Prior to launch, Decaturish.com, the owner of Atlanta Loop, registered www.beltlinenews.com, www.thebeltlinenews.com andwww.datelinebeltline.com. Within days of registering these domains, Decaturish was served with a cease-and-desist letter in which ABI demanded we relinquish the domain names to their control.
It is not clear how many cease and desist letters ABI has sent out over the years. Davis said ABI has sent out more than 70 letters regarding the 200 domain names, many of which have the same registrar. Of those domains, ABI now controls 50.
The costs for this aggressive protection adds up to more than $350,000 in legal costs since December 2009. ABI has billed 1,028 hours in fees and costs adding up to $349, 772. They have 47 hours of work in progress worth $15,436 in fees and costs.
According to ABI trademark guidelines, no third parties are allowed to use the word without a license.
“All third parties seeking to use any of the ABI Marks in connection with any products or services or as other indicia of source must obtain a license from ABI, except for news organizations referring to the ABI Marks for news reporting purposes and not as a name or mark in connection with the production, marketing or sale of any product or service,” the guidelines state.
ABI did not provide a clear explanation of why they have not prevented some businesses from using the word.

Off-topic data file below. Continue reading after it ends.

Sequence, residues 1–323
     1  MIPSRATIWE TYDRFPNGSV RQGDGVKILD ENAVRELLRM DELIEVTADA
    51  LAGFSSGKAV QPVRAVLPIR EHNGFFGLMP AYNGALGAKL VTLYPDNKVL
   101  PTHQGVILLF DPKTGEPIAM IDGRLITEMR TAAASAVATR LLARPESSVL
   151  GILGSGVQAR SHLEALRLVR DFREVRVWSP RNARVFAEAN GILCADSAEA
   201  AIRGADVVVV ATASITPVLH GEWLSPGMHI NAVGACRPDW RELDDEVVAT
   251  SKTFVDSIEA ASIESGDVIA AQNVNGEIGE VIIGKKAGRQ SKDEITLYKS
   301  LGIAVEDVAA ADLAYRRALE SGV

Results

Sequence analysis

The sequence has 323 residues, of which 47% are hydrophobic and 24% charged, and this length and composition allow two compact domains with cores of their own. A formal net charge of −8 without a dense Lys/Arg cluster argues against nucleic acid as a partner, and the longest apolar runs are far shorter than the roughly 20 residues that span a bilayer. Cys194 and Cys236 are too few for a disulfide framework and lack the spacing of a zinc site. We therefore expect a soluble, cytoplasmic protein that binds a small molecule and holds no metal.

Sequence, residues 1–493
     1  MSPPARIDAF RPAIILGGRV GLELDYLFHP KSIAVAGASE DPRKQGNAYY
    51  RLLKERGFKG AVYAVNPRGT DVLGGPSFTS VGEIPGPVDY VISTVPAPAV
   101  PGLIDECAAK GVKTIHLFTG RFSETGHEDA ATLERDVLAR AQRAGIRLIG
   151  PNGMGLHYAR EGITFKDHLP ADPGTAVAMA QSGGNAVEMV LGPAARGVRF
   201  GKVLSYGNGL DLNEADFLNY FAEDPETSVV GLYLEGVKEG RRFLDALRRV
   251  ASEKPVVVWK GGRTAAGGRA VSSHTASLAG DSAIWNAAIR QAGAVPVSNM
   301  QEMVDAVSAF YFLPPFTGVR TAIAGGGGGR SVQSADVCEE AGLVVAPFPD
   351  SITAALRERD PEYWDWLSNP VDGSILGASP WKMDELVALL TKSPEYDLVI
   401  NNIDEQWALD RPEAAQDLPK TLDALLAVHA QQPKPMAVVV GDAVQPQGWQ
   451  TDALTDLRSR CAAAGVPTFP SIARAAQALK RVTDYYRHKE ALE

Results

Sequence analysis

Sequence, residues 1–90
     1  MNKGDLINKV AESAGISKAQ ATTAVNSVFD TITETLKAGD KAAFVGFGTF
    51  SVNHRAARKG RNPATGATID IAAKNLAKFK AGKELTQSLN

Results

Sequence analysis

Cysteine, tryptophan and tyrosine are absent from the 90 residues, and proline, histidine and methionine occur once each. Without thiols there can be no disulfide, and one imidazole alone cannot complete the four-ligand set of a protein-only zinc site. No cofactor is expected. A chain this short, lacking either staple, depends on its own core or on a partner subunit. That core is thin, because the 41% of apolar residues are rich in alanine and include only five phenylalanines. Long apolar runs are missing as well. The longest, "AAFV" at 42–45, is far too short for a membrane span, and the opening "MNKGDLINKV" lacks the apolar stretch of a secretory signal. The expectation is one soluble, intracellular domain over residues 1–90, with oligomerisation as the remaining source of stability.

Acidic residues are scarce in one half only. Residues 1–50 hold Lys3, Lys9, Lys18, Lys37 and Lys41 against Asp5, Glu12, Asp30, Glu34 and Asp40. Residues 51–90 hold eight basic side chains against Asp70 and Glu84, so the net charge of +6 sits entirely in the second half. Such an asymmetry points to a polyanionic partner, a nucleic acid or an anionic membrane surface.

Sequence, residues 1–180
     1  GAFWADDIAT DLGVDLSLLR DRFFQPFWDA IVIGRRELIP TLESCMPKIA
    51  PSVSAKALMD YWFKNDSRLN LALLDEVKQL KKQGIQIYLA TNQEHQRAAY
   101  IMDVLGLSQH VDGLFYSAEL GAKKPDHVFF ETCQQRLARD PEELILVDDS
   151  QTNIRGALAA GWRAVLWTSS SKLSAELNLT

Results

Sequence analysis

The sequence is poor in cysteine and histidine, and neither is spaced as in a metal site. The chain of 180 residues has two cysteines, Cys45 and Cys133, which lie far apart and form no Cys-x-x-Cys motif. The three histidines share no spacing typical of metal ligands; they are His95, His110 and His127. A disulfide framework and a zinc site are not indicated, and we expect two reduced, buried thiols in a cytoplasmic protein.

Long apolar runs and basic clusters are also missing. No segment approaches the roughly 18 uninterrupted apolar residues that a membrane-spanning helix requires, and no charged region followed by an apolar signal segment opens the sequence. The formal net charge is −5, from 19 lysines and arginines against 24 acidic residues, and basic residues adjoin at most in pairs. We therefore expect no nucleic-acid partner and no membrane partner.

ABI provided Atlanta Loop with all their licensing agreements. In three of the agreements, the entity did not pay ABI any money as part of the agreement. Of those three agreements, one is with the Atlanta BeltLine Partnership, another was for use of the word in a book and a third is with a non-profit farm that ABI partners with.paid any money related to the agreements.
In three other licensing agreements, businesses paid ABI to use the word. FCS Urban Ministries paid $500 to use the name Beltline Bicycle Shop for one year, but was specifically prohibited from using a domain name. The agreement included providing 3-4 bicycles available for ABI staff to use at their convenience. That agreement expired in July 2015.
Derrick Duckworth, with the realty group The Beltline Team, paid $10 to use the word related to marketing of real estate services, including use of the URL www.thebeltlineteam.com. That agreement expired in December 2013, but the realty team still uses the web domain.
Last year, Rival Entertainment paid $1,000 for use of the word and domain name with its neighborhood festival “Blue Moon Beltline Boil.” The agreement included numerous stipulations including free tickets for Atlanta Beltline Partnership staff and volunteers. That agreement expired in December 2015, but the website is still active.
When asked how ABI decides how much to charge for licensing agreements, Davis said trademark counsel makes those decisions.
“Additionally, we are not a fundraising entity,” she wrote. “Our priority and responsibility is to protect the trademark as opposed to monetizing it.”
ABI uses a trademark monitoring service that alerts them to the use of ABI’s registered marks, Davis wrote.
After getting an alert, legal counsel reviews it to if there is a violation, Davis wrote. Sometimes the Office of Communications reaches out to the individual or organization to make them aware of the registered trademarks and the option to request a license agreement. Then the Office of Communications notifies the legal department of their response.
In the final step, CEO Paul Morris consults with the legal department to make the final decision on how to proceed.
This story has been edited to add information about the money ABI has spent on legal fees to protect its trademark.